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As concerns about the preparation of engineers grow, so has interest in the dimensions of engineering identity. By having a thorough understanding of engineering identity, departments will be better able to produce engineers who understand their role as a member of the profession. Generally, engineering identity literature has not focused on specific disciplinary identities, instead looking at engineering as a whole. Previous literature has utilized role identity theory (e.g., Gee, 2001) and identified key dimensions of engineering identity, including one’s performance/competence and interest in engineering courses and recognition as a current/future engineer (Godwin, 2016; Godwin et al., 2013; Godwin et al., 2016).

This paper deepens our understanding of electrical and computer engineering identities. As part of research activities associated with National Science Foundation grant looking at professional formation of socio-technically minded students, we analyzed texts and documents from an electrical and computer engineering department to examine the department’s professed priorities. Using document analysis, we answered this research question: How is a department’s commitment to undergraduate engineering identity development expressed in departmental documents?

Document analysis focuses on texts to describe some aspect of the social world (Bowen, 2009). This analysis was performed with two types of departmental documents: front-facing documents (e.g., websites, newsletters) and internal documents (e.g., ABET self-studies, program evaluations) from an electrical and computing engineering department at a public research university. Analysis employed a priori and emergent coding schemas to formulate themes related to identity, performance/capability, interest, and recognition present in departmental documents (Bowen, 2009; Godwin, 2016). Specifically, we skimmed documents to ascertain inclusion status; read and coded documents in depth; and identified broader themes across documents (Bowen, 2009).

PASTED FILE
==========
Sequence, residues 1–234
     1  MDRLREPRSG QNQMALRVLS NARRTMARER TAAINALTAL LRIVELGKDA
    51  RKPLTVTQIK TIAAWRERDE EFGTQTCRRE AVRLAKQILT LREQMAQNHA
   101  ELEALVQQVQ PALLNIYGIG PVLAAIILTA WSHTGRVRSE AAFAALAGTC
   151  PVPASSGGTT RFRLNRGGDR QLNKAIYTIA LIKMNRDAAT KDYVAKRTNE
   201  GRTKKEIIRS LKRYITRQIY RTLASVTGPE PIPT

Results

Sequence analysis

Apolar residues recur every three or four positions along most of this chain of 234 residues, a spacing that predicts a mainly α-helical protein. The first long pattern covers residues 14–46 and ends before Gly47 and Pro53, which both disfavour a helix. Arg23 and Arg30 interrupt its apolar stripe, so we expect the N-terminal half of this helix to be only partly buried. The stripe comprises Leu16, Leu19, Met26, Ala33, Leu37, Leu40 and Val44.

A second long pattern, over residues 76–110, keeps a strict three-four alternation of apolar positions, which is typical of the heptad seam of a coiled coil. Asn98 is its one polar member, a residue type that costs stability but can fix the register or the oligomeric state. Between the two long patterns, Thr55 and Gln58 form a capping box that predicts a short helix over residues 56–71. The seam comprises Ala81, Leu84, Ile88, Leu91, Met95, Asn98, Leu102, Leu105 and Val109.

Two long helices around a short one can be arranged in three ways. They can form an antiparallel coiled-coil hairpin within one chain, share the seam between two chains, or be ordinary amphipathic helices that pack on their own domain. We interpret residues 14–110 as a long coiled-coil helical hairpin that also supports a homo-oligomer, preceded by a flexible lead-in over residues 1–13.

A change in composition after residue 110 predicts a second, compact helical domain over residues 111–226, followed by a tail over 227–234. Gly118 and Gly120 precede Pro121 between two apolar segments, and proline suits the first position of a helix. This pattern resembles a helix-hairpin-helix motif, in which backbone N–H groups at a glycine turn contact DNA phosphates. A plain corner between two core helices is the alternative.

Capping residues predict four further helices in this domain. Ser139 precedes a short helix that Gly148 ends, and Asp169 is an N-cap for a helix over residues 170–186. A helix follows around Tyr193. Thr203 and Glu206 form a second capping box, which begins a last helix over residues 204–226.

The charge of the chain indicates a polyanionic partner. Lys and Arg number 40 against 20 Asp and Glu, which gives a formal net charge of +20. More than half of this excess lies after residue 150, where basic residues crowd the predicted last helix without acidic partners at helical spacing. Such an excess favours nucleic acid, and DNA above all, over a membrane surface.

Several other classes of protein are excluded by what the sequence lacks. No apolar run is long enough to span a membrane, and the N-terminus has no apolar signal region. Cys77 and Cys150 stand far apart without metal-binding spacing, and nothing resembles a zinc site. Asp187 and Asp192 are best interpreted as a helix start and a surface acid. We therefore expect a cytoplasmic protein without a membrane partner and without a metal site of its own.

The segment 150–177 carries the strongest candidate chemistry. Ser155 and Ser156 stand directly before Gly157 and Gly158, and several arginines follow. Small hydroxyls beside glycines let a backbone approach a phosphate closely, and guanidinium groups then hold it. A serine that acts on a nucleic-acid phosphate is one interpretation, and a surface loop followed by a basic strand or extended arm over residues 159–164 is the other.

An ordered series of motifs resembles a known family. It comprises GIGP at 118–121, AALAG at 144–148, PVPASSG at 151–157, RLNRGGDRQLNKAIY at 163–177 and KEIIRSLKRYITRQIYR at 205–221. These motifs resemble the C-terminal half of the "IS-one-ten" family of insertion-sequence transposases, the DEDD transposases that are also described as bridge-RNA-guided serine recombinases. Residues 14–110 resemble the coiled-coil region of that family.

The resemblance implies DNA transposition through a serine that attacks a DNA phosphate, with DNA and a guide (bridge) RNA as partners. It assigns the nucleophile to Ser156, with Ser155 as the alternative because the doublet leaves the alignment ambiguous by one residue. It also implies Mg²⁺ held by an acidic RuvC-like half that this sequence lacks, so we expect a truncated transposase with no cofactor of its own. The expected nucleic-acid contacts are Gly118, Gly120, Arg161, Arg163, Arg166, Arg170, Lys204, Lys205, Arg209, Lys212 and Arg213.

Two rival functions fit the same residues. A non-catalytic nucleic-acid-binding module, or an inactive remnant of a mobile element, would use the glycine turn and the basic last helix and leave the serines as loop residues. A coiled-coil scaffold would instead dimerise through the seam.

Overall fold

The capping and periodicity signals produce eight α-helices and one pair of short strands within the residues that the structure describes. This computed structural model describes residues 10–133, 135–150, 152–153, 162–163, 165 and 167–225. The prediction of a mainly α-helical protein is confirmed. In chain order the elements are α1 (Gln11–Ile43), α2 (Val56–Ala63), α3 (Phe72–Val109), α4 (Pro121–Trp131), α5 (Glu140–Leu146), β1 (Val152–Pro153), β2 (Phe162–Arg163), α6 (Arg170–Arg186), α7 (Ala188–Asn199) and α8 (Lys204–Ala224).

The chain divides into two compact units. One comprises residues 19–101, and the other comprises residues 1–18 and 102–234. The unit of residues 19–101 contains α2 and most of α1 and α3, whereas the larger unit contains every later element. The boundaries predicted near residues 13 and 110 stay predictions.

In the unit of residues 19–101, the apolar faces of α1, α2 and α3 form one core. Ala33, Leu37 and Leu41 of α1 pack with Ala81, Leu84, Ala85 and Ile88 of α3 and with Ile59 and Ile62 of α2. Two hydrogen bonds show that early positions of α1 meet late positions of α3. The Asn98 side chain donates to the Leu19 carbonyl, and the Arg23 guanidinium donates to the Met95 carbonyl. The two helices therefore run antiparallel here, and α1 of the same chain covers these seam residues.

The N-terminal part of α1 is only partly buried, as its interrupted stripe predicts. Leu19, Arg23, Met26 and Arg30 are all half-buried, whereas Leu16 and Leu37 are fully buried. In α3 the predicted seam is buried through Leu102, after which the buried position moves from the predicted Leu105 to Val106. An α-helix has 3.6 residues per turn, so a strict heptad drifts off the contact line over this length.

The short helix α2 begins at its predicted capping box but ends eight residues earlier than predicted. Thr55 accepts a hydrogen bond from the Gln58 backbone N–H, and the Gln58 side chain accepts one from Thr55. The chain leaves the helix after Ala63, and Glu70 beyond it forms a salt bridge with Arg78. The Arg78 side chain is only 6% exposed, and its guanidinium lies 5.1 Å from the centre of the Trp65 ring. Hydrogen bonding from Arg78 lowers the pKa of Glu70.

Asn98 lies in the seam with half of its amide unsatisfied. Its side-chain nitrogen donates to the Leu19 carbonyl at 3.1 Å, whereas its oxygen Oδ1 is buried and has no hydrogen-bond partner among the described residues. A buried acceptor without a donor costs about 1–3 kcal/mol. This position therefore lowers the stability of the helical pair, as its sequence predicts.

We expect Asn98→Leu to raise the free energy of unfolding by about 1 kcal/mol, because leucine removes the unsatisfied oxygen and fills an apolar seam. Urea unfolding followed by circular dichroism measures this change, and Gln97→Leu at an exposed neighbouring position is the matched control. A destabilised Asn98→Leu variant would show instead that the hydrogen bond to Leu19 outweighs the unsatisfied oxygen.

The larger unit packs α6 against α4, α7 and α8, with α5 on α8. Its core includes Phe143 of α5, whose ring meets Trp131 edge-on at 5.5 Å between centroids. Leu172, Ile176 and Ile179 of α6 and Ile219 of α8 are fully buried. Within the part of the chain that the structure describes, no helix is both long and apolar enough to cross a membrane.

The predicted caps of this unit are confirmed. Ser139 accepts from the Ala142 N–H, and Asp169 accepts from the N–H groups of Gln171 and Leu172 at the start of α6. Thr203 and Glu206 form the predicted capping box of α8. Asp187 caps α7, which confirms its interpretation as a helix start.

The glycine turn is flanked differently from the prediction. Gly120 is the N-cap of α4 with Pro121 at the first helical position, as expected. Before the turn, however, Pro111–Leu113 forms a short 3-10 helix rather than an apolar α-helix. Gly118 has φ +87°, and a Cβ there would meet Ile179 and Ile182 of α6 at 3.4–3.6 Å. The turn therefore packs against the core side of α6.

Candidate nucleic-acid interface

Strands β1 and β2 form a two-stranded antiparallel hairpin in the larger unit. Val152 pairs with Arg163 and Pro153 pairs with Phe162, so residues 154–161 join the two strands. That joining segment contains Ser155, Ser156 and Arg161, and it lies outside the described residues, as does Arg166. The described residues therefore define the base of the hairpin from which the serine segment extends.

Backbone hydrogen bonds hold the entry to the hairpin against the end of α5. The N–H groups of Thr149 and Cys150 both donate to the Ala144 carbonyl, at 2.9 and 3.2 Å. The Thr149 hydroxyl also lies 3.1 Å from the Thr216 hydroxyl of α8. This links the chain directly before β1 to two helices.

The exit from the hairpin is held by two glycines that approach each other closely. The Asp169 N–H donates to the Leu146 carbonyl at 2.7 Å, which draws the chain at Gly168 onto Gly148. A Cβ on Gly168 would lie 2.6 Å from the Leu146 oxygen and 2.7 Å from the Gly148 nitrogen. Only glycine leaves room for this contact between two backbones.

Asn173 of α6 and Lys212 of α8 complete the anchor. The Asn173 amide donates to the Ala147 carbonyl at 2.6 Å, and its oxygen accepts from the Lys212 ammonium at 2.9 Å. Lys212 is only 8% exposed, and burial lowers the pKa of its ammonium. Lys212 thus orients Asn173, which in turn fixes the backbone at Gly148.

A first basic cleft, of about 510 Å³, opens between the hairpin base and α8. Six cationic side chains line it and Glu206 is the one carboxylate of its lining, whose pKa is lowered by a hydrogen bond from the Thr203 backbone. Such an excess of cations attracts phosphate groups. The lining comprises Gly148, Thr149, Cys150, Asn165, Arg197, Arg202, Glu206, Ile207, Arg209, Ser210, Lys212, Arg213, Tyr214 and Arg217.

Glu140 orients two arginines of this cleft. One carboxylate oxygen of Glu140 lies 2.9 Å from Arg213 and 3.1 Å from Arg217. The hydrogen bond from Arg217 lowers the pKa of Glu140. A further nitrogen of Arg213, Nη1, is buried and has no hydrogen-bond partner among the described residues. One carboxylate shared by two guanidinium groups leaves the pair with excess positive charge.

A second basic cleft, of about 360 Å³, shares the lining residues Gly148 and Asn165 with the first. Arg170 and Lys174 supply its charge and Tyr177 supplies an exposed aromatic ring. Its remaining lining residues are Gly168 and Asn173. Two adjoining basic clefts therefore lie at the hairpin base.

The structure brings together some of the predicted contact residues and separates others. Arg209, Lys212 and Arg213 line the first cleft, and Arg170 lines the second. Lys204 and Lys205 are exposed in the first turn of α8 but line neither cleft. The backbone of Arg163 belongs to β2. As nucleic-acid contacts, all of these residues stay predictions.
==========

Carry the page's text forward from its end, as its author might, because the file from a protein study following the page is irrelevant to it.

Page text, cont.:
One broad theme was a lack of attention to identity; another showed emphasis on technical skills/competencies. By interrogating absences, we found that there is little attention being paid to identity development or its components in these documents. In other words, these texts do not indicate that the department is invested in supporting students’ senses of interest, performance, and recognition as electrical and computer engineers. Rather, we found that these texts emphasize the acquisition of specific concepts, skills, and competencies. Overall, analysis indicated that the department does not cultivate holistic engineering student identities. The resultant implications are by no means irrelevant—a focus on identity over specific skills could increase retention, increase student satisfaction, and produce better future engineers.

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Friedensen, R. E., & Doran, E. E., & Rodriguez, S. (2018, June), Documenting Engineering Identity: Electrical and Computer Engineering Departmental Documents and Student Identity Paper presented at 2018 ASEE Annual Conference & Exposition , Salt Lake City, Utah. 10.18260/1-2--30343